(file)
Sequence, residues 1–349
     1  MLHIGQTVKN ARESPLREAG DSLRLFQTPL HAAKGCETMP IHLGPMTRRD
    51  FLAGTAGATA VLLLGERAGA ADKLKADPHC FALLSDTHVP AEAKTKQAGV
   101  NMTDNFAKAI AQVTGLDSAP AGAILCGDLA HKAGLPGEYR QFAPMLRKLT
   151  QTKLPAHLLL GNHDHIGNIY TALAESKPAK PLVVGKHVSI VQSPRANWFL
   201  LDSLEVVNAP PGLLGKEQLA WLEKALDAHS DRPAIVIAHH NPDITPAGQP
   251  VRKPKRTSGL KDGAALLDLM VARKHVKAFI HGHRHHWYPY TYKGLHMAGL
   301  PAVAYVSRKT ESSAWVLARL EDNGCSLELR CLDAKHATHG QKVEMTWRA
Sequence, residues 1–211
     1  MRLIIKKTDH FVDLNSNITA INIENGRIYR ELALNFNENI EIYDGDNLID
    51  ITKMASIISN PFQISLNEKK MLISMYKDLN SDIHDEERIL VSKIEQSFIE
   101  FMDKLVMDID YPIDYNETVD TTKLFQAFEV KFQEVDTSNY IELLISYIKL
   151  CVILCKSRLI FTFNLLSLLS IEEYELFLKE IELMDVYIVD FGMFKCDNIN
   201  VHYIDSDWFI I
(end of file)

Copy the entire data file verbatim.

Sequence, residues 1–349
     1  MLHIGQTVKN ARESPLREAG DSLRLFQTPL HAAKGCETMP IHLGPMTRRD
    51  FLAGTAGATA VLLLGERAGA ADKLKADPHC FALLSDTHVP AEAKTKQAGV
   101  NMTDNFAKAI AQVTGLDSAP AGAILCGDLA HKAGLPGEYR QFAPMLRKLT
   151  QTKLPAHLLL GNHDHIGNIY TALAESKPAK PLVVGKHVSI VQSPRANWFL
   201  LDSLEVVNAP PGLLGKEQLA WLEKALDAHS DRPAIVIAHH NPDITPAGQP
   251  VRKPKRTSGL KDGAALLDLM VARKHVKAFI HGHRHHWYPY TYKGLHMAGL
   301  PAVAYVSRKT ESSAWVLARL EDNGCSLELR CLDAKHATHG QKVEMTWRA
Sequence, residues 1–211
     1  MRLIIKKTDH FVDLNSNITA INIENGRIYR ELALNFNENI EIYDGDNLID
    51  ITKMASIISN PFQISLNEKK MLISMYKDLN SDIHDEERIL VSKIEQSFIE
   101  FMDKLVMDID YPIDYNETVD TTKLFQAFEV KFQEVDTSNY IELLISYIKL
   151  CVILCKSRLI FTFNLLSLLS IEEYELFLKE IELMDVYIVD FGMFKCDNIN
   201  VHYIDSDWFI I